By Paul Gottlieb
Peninsula Daily News
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Well, sort of.
That's how Port of Port Angeles commission President Jim Hallett opened the half-hour special port meeting Friday, held in the meeting room at the port administrative office with no commissioners actually present.
Instead, Hallett and Commissioners Paul McHugh and John Calhoun participated via speaker phone from three separate locations, each receiving the $104 per diem allowed under state law.
It was convened to take care of administrative matters because the port lacks an executive director following Jeff Robb's resignation Wednesday.
Hallett began the meeting, as is customary, by leading off with the Pledge of Allegiance, though he said he did not have an American flag.
During the meeting, Hallett, an investment adviser, was at his office in Port Angeles a half-mile from the meeting room, while Calhoun was traveling, port Human Resources Manager Holly Hairell said.
Hallett did not return calls later Friday for comment about the meeting.
McHugh was at his summer home on Lake Sutherland west of Port Angeles, where he had a paper replica of the flag that had been distributed in Friday's Peninsula Daily News that he acknowledged during the pledge, he said later.
He could not attend the meeting because he had made plans to be with friends, he said.
The speaker phone sat near where McHugh normally would sit, with staff leaning toward the device as they gave their reports.
As port executive director, Robb simply would have approved the state Department of Ecology grant contract amendment and the reduction in property insurance coverage that the commissioners unanimously approved Friday in absentia.
Commissioners have said they expect to hire an interim director by their July 8 regular meeting, but until then, they must approve any expenditures over $5,000.
McHugh said Friday in a phone interview after the meeting that the executive search firm Waldron of Seattle has submitted the names of two candidates for interim director.
Waldron already had a list of candidates to draw from, Hairell said.
Neither interim-director candidate is local, McHugh said.
“I think we will be in a position to make a decision on [July 8],” he said.
The commissioners have not set a time limit for hiring a permanent executive director.
Waldron's search for an executive director will cost up to $50,000, Hairell said.
After Robb resigned at Wednesday's commissioners' meeting, the commissioners immediately hired him on a 2-1 vote to fill the newly created, unadvertised position of environmental affairs director at the same $138,000 salary Robb earned as executive director.
Hallett voted against Robb's new contract, which expires in July 2014, when Robb qualifies for state retirement benefits.
Port Finance Director Karen Goschen said the two action-items on Friday's agenda were time-sensitive.
The Ecology grant contract amendment had to be acted upon because no state budget had been approved as of Friday morning for the 2013-2014 biennium.
Also, the port's property insurance had to be renewed by Friday so the port could take advantage of lower port-group rates for the policy period that begins Monday.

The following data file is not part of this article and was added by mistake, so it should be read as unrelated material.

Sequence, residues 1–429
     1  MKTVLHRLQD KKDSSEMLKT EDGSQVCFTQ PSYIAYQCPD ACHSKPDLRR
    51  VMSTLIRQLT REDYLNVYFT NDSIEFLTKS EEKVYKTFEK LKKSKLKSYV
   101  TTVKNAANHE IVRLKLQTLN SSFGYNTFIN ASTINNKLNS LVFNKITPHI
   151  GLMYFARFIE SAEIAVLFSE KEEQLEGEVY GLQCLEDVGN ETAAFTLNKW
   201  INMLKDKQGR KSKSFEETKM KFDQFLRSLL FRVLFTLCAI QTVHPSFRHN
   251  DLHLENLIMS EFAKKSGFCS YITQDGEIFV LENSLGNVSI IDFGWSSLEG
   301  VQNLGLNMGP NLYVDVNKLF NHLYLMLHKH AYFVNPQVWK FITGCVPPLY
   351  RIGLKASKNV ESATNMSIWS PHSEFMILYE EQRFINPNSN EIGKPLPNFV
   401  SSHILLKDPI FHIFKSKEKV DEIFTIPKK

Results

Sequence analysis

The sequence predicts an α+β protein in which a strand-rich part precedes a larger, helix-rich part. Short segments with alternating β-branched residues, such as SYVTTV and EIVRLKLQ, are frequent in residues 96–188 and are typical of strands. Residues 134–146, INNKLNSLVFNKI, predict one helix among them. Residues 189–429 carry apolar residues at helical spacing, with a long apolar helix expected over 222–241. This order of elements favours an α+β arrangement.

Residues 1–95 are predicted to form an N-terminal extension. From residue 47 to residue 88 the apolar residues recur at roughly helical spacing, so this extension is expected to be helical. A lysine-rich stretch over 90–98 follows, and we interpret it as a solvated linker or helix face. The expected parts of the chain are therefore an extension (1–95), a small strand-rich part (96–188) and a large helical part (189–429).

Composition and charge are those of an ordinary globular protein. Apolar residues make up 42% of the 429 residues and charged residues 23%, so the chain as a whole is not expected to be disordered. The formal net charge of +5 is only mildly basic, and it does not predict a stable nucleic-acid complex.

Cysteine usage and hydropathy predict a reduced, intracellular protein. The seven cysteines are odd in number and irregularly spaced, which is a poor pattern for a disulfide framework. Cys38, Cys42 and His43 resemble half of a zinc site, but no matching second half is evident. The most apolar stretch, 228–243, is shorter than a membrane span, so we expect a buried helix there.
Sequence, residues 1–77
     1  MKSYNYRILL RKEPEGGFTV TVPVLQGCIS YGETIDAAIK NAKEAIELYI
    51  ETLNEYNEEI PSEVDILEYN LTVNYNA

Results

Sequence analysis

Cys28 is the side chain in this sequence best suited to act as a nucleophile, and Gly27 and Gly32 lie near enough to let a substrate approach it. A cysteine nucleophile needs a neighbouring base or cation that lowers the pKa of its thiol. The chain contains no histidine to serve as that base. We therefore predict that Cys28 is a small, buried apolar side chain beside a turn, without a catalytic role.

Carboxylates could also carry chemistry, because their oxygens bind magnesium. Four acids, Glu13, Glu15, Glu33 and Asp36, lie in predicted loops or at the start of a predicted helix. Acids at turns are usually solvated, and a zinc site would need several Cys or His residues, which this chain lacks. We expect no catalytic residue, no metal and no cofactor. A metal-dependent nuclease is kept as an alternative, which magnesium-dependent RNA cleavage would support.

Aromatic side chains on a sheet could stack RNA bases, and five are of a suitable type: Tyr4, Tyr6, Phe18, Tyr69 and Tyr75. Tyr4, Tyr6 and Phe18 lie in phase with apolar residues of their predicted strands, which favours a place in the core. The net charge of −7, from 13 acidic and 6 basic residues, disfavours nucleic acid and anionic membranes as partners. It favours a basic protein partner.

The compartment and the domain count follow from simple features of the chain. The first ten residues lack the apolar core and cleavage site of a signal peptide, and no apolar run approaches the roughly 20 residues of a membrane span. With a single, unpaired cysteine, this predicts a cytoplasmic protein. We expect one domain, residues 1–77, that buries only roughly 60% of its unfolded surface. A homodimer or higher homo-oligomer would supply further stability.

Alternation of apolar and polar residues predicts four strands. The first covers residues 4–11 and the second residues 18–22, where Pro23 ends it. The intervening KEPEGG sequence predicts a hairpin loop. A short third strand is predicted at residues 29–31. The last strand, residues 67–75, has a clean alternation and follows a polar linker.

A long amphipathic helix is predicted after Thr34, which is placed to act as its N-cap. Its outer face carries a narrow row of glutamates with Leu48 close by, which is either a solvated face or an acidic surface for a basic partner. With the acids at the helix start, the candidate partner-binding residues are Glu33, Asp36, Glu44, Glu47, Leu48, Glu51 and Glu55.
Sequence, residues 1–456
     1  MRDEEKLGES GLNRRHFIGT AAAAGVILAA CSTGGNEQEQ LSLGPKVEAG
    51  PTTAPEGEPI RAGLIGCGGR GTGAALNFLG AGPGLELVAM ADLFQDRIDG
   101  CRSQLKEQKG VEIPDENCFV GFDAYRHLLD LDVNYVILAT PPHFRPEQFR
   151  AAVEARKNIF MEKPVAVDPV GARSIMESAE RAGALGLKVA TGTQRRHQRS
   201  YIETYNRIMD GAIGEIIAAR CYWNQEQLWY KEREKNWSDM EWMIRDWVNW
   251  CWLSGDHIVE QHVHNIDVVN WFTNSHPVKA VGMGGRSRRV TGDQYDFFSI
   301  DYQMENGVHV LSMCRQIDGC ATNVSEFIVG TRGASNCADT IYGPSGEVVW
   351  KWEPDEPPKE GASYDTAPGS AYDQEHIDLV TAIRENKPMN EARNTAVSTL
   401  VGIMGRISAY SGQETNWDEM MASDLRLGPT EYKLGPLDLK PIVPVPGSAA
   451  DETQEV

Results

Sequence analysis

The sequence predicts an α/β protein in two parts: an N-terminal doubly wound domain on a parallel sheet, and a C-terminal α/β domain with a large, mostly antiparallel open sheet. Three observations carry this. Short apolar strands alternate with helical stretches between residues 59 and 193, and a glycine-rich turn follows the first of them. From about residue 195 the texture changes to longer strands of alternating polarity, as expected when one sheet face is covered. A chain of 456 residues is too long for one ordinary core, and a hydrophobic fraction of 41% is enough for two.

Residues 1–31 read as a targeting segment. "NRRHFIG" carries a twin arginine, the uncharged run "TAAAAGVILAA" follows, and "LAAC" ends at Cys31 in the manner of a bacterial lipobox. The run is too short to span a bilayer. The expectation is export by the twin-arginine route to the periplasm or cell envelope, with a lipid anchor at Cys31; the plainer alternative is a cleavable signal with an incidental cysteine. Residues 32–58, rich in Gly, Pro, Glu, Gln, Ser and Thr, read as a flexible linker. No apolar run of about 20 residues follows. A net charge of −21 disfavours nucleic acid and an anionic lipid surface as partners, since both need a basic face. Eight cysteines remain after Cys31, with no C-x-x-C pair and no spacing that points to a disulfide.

“Typically, I would just discuss [insurance renewal] with the executive director,” Goschen said into the speaker phone.
“Since we don't have one, that is why I am bringing it forward.”
The number of insurers offering earthquake coverage in property insurance policies has diminished since the March 2011 Japanese earthquake and tsunami, Goschen said.
“There is limited availability to apply to keep the same coverage of $50 million,” she said.
Commissioners agreed to reduce the port's property insurance coverage after facing a 26 percent hike in the insurance premium.
The port has been paying $189,105 for $50 million in coverage but faced a $50,000 increase in the premium to $239,746.
The commissioners agreed to reduce the coverage to $25 million, with the port paying a premium of $189,746.
The policy covers a probable actual maximum loss — according to the insurance broker's computer model — of $8.5 million in port property from an earthquake and tsunami, Goschen said.
The entire portfolio of port property is valued between $85 million to $90 million, Goschen said.
“The port's assets are spread out, so it's not likely that all assets would be impacted” by an earthquake and tsunami, Goschen said.
But an estimated maximum $8.5 million in losses “does not seem very plausible,” McHugh said, suggesting that the commission could wait until a new port director can further research the issue.
There are eight other ports in the insurance pool, Goschen said.
“They looked at the epicenter of where the earthquake would occur in the Cascadia Fault,” Goschen said.
“There were certain ports that were exposed to much higher risk than the Port of Port Angeles.”
Calhoun expressed concerns similar to McHugh's.
“The $25 million level we are talking about, in my view, gives us the adequate margin,” Calhoun said.
Commissioners also unanimously voted to suspend a $2 million Ecology grant for demolition and cleanup-related abatement at the port's former Peninsula Plywood mill site.
The issue became moot Friday afternoon when Ecology notified the port that the amendment was unnecessary in light of Gov. Jay Inslee's intention to sign the budget.
McHugh said Friday after the meeting that he is anxious to hire an interim director.
“It's in our interest to make that decision sooner rather than later,” he said.
“We also can't afford to have telephone meetings or special meetings of the commissioners that the executive director is properly assigned to deal with,” he said.
“We don't want you to have to listen to these voices floating around the commission room all the time.”
Senior Staff Writer Paul Gottlieb can be reached at 360-452-2345, ext. 5060, or at email@example.com.